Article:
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CentOS 5.2 and Winbind

February 7, 2009

Built a Linux Samba server for a file server this week. It’s in a satellite office connected via OpenVPN to the main office, which hosts Active Directory. Samba is running winbind, which allows transparent access to resources and minimal management on the server. I learned that winbind’s offline logons work for local or ssh logon to the server if Active Directory is unavailable, but it does not allow offline access to the server via network shares; the VPN and Active Directory must be up to initially log on and get drives mapped. Outages during the day do not impact file or printer access. This could be disastrous in certain situations, but considering the bulk of the work this office does is via E-mail or Citrix, an Internet outage means they don’t get any work done anyway.

This setup is very similar to plain ads security mode as described in my earlier post, Configure Samba with Domain Security Mode, but, while a little more complicated to set up, has more features, such as local logon privileges for AD users.

Had a heck of a time getting winbind working on CentOS 5.2. Most everything worked, joined to the domain, wbinfo -u returned users, but getent wasn’t working. `getent passwd` only returned local users. `getent group` returned local groups and only two domain groups, preceded by BUILTIN. Finally figured out I had this in my smb.conf:

winbind trusted domains only = yes

when it should be this:

winbind trusted domains only = no

Just in case it helps anyone else, here’s relevant portions from my config files:



   workgroup = DOMAIN
   password server =
   realm = DOMAIN.COM
   security = ads
   idmap uid = 10000-20000
   idmap gid = 50000-60000
   winbind separator = +
   template homedir = /home/%U
   template shell = /bin/bash
   printing = cups
   printcap name = cups
   load printers = yes
   encrypt passwords = yes
   passdb backend = tdbsam
   server string = MY-SERVER
   os level = 20
   client use spnego = yes
   winbind offline logon = yes
   winbind use default domain = yes
   winbind enum users = yes
   winbind enum groups = yes
   winbind trusted domains only = no

default = FILE:/var/log/krb5libs.log
kdc = FILE:/var/log/krb5kdc.log
admin_server = FILE:/var/log/kadmind.log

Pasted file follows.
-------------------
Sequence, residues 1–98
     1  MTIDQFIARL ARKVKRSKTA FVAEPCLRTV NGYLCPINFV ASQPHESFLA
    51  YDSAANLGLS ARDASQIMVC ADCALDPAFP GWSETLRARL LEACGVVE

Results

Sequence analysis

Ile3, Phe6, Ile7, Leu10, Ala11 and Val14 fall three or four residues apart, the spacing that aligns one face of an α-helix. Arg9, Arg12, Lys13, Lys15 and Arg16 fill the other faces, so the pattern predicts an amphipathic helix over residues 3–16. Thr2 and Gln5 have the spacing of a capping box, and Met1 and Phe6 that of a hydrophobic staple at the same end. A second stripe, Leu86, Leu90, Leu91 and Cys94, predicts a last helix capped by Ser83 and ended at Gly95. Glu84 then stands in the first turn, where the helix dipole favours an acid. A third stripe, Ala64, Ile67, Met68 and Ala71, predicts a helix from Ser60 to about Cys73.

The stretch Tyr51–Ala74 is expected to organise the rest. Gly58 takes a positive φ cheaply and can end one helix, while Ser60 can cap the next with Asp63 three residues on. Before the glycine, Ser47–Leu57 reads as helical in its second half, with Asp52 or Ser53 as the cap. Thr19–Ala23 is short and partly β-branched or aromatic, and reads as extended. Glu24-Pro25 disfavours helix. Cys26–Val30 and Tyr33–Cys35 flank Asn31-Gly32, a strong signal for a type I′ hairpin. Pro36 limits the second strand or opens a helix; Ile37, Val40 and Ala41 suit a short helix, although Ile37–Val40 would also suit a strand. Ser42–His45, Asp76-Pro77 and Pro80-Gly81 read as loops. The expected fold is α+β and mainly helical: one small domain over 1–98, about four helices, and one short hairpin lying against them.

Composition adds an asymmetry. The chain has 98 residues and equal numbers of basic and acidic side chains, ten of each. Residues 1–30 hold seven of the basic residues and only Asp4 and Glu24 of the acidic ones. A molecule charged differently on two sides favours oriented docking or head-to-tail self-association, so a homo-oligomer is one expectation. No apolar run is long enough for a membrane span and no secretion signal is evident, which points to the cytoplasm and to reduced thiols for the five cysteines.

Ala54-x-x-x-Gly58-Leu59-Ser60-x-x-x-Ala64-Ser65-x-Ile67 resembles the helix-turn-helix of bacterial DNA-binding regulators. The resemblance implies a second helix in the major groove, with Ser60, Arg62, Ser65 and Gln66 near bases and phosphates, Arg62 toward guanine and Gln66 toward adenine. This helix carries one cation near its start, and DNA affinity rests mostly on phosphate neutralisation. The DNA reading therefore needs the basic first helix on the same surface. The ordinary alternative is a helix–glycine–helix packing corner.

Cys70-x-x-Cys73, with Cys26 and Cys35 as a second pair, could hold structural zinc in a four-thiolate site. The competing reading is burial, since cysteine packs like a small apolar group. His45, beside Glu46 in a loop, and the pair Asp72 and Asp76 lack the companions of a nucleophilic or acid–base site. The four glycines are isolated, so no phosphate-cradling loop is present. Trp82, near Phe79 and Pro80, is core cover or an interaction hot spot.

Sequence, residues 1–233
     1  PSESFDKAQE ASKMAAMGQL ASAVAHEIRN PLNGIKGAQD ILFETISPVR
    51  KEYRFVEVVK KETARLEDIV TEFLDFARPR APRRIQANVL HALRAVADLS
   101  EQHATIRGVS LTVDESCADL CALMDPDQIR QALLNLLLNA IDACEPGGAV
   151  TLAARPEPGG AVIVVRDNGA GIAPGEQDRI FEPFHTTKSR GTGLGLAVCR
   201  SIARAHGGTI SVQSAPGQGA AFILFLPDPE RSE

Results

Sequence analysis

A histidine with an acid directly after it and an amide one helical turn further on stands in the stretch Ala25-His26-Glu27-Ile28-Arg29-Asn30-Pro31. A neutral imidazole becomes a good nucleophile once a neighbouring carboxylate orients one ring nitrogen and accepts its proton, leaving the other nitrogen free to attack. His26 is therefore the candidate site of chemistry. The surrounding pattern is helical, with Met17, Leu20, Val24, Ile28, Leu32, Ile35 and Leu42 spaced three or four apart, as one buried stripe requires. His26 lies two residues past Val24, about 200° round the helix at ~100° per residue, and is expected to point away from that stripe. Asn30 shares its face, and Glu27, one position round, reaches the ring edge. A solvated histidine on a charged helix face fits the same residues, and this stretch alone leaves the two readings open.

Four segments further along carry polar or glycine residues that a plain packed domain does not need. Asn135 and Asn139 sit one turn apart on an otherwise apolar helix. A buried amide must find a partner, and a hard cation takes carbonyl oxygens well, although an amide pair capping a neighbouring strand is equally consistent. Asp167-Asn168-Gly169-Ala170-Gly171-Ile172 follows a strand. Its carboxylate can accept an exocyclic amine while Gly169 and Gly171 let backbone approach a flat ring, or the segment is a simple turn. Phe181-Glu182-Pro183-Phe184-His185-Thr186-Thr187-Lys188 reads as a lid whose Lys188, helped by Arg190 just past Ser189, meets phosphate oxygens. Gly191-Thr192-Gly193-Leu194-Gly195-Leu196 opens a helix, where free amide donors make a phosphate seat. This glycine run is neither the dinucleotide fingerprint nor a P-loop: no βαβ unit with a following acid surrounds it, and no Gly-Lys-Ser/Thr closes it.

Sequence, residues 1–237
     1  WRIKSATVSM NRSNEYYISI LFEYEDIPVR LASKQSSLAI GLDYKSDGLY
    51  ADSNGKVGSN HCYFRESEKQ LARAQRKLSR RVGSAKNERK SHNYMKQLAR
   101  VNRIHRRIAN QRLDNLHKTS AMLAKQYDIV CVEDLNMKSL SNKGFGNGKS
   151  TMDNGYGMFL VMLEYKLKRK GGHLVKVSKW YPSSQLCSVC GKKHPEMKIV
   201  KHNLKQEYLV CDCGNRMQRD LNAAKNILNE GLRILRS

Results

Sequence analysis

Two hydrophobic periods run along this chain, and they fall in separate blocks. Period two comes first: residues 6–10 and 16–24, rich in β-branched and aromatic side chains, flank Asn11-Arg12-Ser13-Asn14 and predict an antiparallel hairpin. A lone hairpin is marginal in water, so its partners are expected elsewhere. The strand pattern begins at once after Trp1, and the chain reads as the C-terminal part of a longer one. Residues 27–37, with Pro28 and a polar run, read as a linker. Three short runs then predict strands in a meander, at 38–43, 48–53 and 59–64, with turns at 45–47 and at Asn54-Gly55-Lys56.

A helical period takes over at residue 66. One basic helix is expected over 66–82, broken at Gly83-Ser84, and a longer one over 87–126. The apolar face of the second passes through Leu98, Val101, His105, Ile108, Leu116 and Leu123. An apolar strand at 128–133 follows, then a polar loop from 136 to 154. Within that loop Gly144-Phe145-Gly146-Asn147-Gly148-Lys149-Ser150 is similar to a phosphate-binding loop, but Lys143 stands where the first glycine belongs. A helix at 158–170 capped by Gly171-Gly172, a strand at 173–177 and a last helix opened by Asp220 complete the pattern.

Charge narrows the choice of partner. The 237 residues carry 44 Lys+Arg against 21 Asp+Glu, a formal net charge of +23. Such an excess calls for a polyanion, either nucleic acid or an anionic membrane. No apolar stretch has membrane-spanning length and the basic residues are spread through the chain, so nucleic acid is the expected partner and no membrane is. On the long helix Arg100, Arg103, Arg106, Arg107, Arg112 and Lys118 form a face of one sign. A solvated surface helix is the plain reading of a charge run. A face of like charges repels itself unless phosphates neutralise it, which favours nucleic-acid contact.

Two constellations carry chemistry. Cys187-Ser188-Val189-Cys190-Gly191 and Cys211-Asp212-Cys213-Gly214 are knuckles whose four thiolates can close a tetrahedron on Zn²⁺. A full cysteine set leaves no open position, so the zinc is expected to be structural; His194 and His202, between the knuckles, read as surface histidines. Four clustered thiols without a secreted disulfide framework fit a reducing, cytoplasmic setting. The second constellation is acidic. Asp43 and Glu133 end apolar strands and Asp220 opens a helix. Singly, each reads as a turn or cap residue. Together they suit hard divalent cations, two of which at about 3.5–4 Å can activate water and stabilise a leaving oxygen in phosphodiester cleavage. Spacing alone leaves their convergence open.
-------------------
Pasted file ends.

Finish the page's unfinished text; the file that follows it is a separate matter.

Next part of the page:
default_realm = DOMAIN.COM
 dns_lookup_realm = true
 dns_lookup_kdc = true

   default_domain =
  kdc =
  kdc =
  kdc =
  admin_server =
  default_domain =

[domain_realm] = DOMAIN.COM = DOMAIN.COM

 profile = /var/kerberos/krb5kdc/kdc.conf

 pam = {
   debug = false
   ticket_lifetime = 36000
   renew_lifetime = 36000
   forwardable = true
   krb4_convert = false

auth        required
auth        sufficient nullok try_first_pass
auth        requisite uid >= 500 quiet
auth        sufficient use_first_pass
auth        sufficient use_first_pass
auth        required

account     required broken_shadow
account     sufficient uid < 500 quiet
account     [default=bad success=ok user_unknown=ignore]
account     [default=bad success=ok user_unknown=ignore]
account     required

password    requisite try_first_pass retry=3
password    sufficient md5 shadow nullok try_first_pass use_authtok
password    sufficient use_authtok
password    sufficient use_authtok
password    required

session     optional revoke
session     required
session     [success=1 default=ignore] service in crond quiet use_uid
session     required
session     required skel=/etc/skel/ umask=0022
session     optional

passwd:  files winbind
shadow:  files winbind
group:    files winbind


;debug = yes
cached_login = yes
;krb5_auth = yes
;krb5_ccache_type = FILE
;require_membership_of =

In order to get shared documents on the server to act more Windows-like, I had to change the default umask and use ACL’s instead of default file security:


if [ $UID -gt 99 ] && [ "`id -gn`" = "`id -un`" ]; then
        umask 002
        umask 002

#========= Share Definitions ========
  create mask = 0770
  force create mode = 0770
  force directory mode = 0770
  force group = DOMAIN+Group_Name

Use chown and chmod to set your domain groups as owners of your shared directories. Should look something like this:

# ls -l
drwxrwx--- 2 root DOMAIN+domain users 4096 Feb  6 15:13 Docs

Then for ACL’s, use setfacl:

# setfacl -d -R -m u::rwx,g::rwx,m::rwx Docs

Use getfacl to confirm. When you ls a directory after that, you’ll see a + sign next to the normal permissions

# ls -l
drwxrwx---+ 2 root DOMAIN+domain users 4096 Feb  6 15:13 Docs

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